When people say, "they didn't use chainmail". What they should say is they didn't use "mass combat" rules for 1:1.

    The 2d6 vs. D20 man to man rules are interchangeable and therefore James can't mean what he says, as there would be no appreciable change to his play if he took the man to man rules as written and played d&d.

  10. Is there any instance in fantasy where it wasn't the protagonist who wielded the magic weapons? Despite Elric being evil, he is the protagonist. He's evil, but less evil than those he's fighting, ergo the protagonist.

    Even the one ring was always in the hands of the good forces through out the books. Indeed magic items seem to be the mcguffins that the good forces are tasked with keeping the hands out of evil do-ers. Dragonlances and dragon orbs being another example. Or look at Gord the rogue who's keeping the shards of whatever from thasdurian.

  11. I figure you can almost certainly find evil magic items depending on how close to the modern day you get as you go. I can't think of one prior to the creation of D&D, and goodness knows it's become a bit of a running gag how monsters never use the magic items they're guarding. Now, after D&D... I can think of one in 1982, but it was really an informed attribute. The sword never really did anything magical. Can anyone top that?

  12. LCM: I'll count it as making my day that someone actually thought about what I wrote. Kudos! :)

  13. James bond movies. The evil guys get a powerful weapon and threaten to destroy the world. Every scenario of the "ticking time bomb" fits this milieu.

  14. Joseph Campbel and the mythic hero who quests for a magic item that helps overcome the terrible foe. Wether that foe is the medusa, a dragon, or other. Part of the heroes journey is becoming so equipped.

  15. KBowman said...
    Like ents, it's a relic of LOTR in which all magic weapons are good, having been forged by elves.

    "Briefly Strider told of the attack on their camp under Weathertop, and of the deadly knife. He drew out the hilt, which he had kept, and handed it to the Elf. Glorfindel shuddered as he took it, but he looked intently at it.
    "'There are evil things written on this hilt,' he said; 'though maybe your eyes cannot see them. Keep it, Aragorn, till we reach the house of Elrond! But be wary, and handle it as little as you may! Alas! The wounds of this weapon are beyond my skill to heal. I will do what I can--but all the more do I urge you now to go on without rest.'"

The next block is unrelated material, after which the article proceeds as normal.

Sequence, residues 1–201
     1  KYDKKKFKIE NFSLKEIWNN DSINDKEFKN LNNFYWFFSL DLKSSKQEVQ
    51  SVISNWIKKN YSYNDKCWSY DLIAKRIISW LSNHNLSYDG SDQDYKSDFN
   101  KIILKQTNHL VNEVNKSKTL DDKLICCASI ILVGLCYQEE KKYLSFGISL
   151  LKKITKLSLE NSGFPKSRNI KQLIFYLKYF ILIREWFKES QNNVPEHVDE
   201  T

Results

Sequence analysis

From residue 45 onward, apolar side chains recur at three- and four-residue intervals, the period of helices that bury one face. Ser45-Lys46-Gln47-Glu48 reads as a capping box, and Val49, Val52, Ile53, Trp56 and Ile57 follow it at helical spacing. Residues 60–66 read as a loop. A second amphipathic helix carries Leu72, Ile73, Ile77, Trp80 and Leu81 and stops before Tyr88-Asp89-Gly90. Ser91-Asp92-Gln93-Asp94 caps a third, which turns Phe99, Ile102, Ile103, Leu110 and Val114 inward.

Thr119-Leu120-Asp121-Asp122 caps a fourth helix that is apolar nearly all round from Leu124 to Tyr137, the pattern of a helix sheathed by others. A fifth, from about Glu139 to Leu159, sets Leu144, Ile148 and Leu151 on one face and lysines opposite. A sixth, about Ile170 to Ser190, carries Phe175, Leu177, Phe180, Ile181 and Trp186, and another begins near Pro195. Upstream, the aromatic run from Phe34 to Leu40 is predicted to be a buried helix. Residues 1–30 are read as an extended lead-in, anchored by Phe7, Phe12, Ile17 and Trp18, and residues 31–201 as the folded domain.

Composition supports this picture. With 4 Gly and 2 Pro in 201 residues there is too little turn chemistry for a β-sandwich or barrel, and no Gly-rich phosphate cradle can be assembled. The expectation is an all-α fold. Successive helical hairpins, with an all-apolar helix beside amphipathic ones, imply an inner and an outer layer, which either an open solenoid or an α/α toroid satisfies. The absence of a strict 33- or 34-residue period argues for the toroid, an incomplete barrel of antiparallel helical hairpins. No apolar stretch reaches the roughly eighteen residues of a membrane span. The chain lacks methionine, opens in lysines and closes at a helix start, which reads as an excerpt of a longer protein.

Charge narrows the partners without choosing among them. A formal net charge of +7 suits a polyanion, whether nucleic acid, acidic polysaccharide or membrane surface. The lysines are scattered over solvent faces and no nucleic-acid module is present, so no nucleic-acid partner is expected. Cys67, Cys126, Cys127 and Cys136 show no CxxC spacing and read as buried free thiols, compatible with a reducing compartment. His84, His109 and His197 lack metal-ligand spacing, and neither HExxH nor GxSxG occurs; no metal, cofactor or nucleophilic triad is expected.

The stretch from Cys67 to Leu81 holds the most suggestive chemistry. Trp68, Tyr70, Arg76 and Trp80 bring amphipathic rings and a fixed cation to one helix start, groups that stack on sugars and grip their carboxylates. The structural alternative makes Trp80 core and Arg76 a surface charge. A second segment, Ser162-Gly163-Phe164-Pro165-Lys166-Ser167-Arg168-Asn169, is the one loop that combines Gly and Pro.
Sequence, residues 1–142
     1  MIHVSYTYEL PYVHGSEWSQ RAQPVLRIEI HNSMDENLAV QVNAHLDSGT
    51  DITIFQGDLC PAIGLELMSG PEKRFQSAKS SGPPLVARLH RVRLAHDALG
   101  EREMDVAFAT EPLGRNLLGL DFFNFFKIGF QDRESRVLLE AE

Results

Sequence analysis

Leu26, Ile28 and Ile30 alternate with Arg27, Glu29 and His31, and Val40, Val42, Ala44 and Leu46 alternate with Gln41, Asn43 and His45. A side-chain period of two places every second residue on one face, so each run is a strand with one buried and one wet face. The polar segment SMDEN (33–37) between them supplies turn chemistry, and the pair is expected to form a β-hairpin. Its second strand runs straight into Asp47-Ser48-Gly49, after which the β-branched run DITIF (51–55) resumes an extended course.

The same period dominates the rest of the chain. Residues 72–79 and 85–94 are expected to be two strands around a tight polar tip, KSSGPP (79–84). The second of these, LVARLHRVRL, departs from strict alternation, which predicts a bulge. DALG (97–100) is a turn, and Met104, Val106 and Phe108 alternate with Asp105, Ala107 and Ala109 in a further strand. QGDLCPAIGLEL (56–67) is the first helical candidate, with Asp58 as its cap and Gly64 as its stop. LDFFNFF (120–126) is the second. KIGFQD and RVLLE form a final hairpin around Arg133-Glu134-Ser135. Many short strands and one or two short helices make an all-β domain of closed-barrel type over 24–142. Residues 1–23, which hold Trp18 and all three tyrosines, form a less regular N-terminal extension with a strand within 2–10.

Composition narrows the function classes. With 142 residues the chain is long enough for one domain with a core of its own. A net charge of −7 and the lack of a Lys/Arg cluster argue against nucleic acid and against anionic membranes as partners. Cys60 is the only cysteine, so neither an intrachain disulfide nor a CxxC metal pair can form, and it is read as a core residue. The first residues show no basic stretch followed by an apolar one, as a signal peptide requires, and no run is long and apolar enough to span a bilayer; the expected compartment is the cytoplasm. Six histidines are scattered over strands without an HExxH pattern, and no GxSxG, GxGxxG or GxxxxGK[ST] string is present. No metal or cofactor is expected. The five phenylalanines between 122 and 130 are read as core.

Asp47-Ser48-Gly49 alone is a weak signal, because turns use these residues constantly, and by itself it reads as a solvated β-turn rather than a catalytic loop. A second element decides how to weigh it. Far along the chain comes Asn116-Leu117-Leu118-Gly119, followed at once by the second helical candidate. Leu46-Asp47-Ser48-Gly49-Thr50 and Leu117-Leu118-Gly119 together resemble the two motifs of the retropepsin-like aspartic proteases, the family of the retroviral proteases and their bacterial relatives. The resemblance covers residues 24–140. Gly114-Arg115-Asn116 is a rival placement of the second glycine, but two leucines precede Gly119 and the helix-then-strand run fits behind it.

Word verification: Thordin. The Thunderer thunders...

  16. The problem with how we are looking at this is that we assume lawful immediately means good. The way I look at the magic weapons being lawful is that even if they are evil they have a set goal provided from their creation. Your magic sword might be intelligent and want to destroy all that is good in the world but the sword Always wants that. Chaos does not make things, it destroys things. Creation of an item is something that requires a set of steps to do and not just a random series of actions.

    I can hit iron with a hammer all day but that wont make a sword let alone a Damascus steel blade.

  17. There are examples of Chaotic magic weapons from almost the beginning of D&D, so I tend to think this was indeed an oversight rather than a reflection of some concrete idea Gygax had.

  18. Magic = technology ;law = creation. Lawful societies create tech/magic and chaos is the opposite of all of those. Chaos destroys and warps. What magic or technology chaos has is stolen and then twisted to their ends, hence the "evil runes" etched on the nazguls blade?

  19. Uws guy: Early on TSR and Gygax choose to not got into detail regarding the design and development of D&D, and subsequent events have created something of history vacuum that is all to easy to fill with supposition and “self evident facts”. The narrative most consistent with the memories of those involved and various verifiable info is that Arneson began with some kind of combat method – From Greg Svensons adventure account it could quite possibly have been a version of Jeff Perrens mass combat system from the Domesday letters, but adapted to allow monsters in combat – but he soon incorporated other concepts, hit points being one. This apparently occurred in and soon after Christmas of 1970 – about 3-4 months before CHAINMAIL was published. That’s significant because the fantasy supplement did not appear until CHAINMAIL hit the stores. Arneson attempted to use the fantasy combat table in his “proto D&D”, but did so by adding monsters to the table and found it too unwieldy, (although Dave Megarry seems to have continued to use something like this for his Dungeon game) so Arneson adapted the new CHAINMAIL info into a system he had originally developed for a civil war ironclads game in which “armor class” played a central roll. We don’t know how his “to hit” table worked, but from a number of statements, we are told that it was quite similar to the level vs AC table of the “alternate” system in D&D. In other words, it was a level vs something table and that something was either Hit Dice/level, or Armor Class. The table may only have had 3 levels, 6 AC’s and used percentiles instead of the d20, but the basics were there. The point here is that Arneson flirted with the fantasy and the mass combat tables initially and then created something else. When he and Dave Megarry went to Lake Geneva in November of ’72 and taught the game to Gygax and company, it wasn’t CHAINMAIL man to man he was using. Gygax had “something else” to work with from the start. He seems to have reworked Arnesons concept into the familiar d20 table very quickly, perhaps for his very first game. In any case, when Mr. Kuntz tells us that Gary used the “alternate” system from the start – something echoed by Mike Mornard – there’s no reason to doubt him.
    Also, as it happens, use of the d20 die does indeed predate D&D as does the use of chits and other methods of getting around the d6.